Senzo Meyiwa trial: Cop argues his duties weren’t limited to escorting murder accused
The Ekurhuleni Metro Police officer has denied that he assaulted Bongani Ntanzi.
Accused number two Bongani Ntanzi at the Pretoria High Court on 15 September 2022. Picture: Gallo Images/Tebogo Letsie
The defence has argued that a state witness had no authorisation to escort Senzo Meyiwa murder accused Bongani Ntanzi when the suspect allegedly confessed to his involvement about the former Bafana Bafana captain’s killing.
On Monday, the Gauteng High Court in Pretoria continued to hear evidence from Ekurhuleni Metropolitan Police Department (EMPD) officer Wendell Jonathan during his cross-examination.
A trial-within-a-trial is taking place to determine the admissibility of confession statements, pointing out and warning statements by the five accused men in the main trial.
Jonathan testified, in his evidence-in-chief, that he helped police escort Ntanzi to Moroka Police Station in Soweto, where the accused made a confession statement before Colonel Moholo Solomon Raphadu on 19 June 2020.
Days later, he transported Ntanzi from a police station in Pretoria to the Boksburg Magistrate’s Court, where he allegedly made a second confession before Magistrate Vivian Cronje.
The officer has denied that he assaulted the suspect as alleged by the defence.
‘My assistance was required’
During proceedings, Jonathan told the court he received a call from his immediate supervisor, Superintendent Vishan Singh to participate in the escort a day before Ntanzi’s confession was took place.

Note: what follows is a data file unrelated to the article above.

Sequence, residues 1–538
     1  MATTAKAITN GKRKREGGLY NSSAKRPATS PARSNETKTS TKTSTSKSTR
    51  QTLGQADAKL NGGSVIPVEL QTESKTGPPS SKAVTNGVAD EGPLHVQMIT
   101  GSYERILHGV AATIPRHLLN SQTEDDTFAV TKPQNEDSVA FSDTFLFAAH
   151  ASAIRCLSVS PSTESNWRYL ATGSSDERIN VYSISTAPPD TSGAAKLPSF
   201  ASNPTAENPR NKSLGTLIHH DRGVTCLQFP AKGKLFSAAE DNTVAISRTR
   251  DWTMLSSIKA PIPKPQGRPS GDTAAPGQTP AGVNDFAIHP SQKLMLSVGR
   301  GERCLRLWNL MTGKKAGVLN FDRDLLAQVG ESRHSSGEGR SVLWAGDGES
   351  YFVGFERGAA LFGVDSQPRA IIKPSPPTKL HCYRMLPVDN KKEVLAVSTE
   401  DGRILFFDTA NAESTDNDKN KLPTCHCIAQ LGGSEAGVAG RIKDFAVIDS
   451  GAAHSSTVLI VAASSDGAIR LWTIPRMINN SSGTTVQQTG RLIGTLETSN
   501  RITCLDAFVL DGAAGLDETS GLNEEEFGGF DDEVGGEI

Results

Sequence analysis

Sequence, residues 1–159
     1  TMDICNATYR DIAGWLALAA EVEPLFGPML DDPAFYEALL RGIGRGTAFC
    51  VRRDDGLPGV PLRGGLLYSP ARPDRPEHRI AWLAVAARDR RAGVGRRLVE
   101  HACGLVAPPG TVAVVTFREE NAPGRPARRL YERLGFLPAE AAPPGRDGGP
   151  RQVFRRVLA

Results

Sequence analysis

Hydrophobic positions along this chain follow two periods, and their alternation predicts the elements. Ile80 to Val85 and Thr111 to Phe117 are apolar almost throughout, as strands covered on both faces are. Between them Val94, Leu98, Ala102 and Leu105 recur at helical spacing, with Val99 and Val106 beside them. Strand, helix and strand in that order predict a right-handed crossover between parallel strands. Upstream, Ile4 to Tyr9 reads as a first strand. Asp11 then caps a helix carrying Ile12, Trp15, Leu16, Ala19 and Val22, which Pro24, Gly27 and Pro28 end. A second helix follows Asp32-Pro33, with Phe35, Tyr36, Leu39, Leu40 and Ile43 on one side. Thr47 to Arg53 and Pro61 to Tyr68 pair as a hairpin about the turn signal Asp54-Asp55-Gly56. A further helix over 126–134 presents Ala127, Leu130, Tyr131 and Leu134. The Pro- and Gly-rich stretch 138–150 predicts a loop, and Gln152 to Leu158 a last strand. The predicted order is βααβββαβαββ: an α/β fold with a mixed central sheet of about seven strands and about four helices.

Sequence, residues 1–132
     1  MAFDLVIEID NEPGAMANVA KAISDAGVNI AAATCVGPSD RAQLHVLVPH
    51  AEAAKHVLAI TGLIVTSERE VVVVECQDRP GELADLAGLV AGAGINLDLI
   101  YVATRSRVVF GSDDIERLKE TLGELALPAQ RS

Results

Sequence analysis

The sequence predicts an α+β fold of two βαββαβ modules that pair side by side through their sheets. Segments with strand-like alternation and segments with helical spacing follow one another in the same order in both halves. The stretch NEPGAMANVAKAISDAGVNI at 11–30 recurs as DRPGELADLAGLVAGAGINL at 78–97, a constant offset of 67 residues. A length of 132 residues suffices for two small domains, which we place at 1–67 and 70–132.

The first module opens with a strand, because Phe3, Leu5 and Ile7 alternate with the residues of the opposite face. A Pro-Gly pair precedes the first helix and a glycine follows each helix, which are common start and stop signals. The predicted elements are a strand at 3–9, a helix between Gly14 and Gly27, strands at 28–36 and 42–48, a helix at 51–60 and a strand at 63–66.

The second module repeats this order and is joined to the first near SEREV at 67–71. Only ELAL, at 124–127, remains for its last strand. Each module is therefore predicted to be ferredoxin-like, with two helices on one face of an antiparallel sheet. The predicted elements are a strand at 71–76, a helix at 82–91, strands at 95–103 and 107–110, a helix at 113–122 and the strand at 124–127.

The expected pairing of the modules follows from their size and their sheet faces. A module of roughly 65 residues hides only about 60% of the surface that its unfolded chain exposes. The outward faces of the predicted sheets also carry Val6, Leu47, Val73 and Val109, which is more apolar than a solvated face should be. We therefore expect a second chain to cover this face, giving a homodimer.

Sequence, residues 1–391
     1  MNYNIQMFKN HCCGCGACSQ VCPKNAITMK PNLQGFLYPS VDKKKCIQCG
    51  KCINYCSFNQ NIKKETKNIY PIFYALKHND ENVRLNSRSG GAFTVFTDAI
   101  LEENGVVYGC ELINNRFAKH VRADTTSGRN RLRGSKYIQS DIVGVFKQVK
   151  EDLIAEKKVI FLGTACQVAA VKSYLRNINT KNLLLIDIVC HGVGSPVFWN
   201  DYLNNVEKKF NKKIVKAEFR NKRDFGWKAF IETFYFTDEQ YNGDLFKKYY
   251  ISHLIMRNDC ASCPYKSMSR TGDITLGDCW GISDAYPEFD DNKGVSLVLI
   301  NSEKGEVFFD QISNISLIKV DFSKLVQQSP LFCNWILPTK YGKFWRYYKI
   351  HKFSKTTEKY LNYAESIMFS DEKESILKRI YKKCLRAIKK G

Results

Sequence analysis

The EMPD officer said Sergeant Vusimuzi Mogane had sent the request to Singh.
“Was there a written permission for you to go and provide services to the Saps [South African Police Service] on the 19th of June?” Advocate Zandile Mshololo asked.
“No my Lord,” Jonathan responded.
He explained that he was given instructions verbally.
“I would say telephonically as the supervisor then informed us that we will be conducting an escort the next day,” the witness said.
Jonathan said it was not the first time that the Saps had requested the services of the EMPD.
The EMPD officer rejected Mshololo’s suggestion that handing over a suspect to a Saps officer was not part of his duties.
“It is part of my duties as we are not just limited to escorting. We are required to safeguard the suspect and the investigating officers. Me handing over the suspect was merely the fact that my assistance was required from Sergeant Mogane. He could have asked any other officer,” Jonathan told the court.
Watch the trial below:
Mshololo then quizzed the witness about the sequence of events before and after Ntanzi concluded his confession with Raphadu.
The defence lawyer told Jonathan she was of the view that there was no reason for him to wait for the accused when he was in fact handcuffed and, therefore, couldn’t escape.
“I put it to you that the reason why you remained there was for a specific purpose… to induce fear into the accused and to make sure he complies with the instruction of the police officer on what he was told to do,” Mshololo said.
“After handing over the suspect, Colonel Raphadu requested me to leave his office. When I left the office, I wen outside to the vehicles. Waiting for the instruction or completion of the statement,” Jonathan replied.
Mshololo also put it to Jonathan that there was no record of him signing out the suspect at the Moroka police station, but the officer disputed this.
“I can’t recall if it was in the occurrence book, but I did sign,” the EMPD officer said.
Ntanzi is one of five men on trial for Meyiwa’s murder.
He has already been pointed out by at least two witnesses as one of the armed intruders, who entered the Khumalo household in Vosloorus on 26 October 2014.
The suspect and his co-accused – who have been charged for murder, attempted murder, robbery with aggravating circumstances, possession of an unlicensed firearm, and possession of ammunition -have pleaded not guilty to the former Orlando Pirates goalkeeper’s killing.